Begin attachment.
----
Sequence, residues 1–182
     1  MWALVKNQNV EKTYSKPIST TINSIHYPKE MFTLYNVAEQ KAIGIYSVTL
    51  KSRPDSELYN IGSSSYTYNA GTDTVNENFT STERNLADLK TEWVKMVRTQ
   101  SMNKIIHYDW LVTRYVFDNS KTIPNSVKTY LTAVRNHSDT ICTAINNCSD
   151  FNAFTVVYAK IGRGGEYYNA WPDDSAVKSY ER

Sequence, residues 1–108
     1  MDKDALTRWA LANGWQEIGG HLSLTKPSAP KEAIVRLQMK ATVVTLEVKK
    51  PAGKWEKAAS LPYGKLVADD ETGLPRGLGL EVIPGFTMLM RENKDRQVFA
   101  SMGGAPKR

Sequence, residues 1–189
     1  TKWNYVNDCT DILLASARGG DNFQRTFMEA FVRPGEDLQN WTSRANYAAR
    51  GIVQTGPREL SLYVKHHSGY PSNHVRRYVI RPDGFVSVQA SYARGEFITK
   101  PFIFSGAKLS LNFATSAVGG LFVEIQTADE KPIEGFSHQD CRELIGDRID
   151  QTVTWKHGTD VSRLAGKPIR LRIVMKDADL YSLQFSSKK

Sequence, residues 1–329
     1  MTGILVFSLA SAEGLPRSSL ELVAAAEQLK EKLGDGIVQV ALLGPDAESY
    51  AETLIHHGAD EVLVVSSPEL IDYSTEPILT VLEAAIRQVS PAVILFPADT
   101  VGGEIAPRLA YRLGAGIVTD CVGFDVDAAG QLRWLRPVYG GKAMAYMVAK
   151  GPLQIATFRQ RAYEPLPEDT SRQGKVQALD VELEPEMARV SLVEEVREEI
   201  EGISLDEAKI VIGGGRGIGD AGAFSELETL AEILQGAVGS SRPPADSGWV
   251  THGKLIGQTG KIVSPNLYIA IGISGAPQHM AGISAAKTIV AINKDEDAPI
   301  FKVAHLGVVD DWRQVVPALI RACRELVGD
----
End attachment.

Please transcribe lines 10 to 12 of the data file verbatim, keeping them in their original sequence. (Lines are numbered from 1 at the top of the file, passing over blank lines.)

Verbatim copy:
Sequence, residues 1–189
     1  TKWNYVNDCT DILLASARGG DNFQRTFMEA FVRPGEDLQN WTSRANYAAR
    51  GIVQTGPREL SLYVKHHSGY PSNHVRRYVI RPDGFVSVQA SYARGEFITK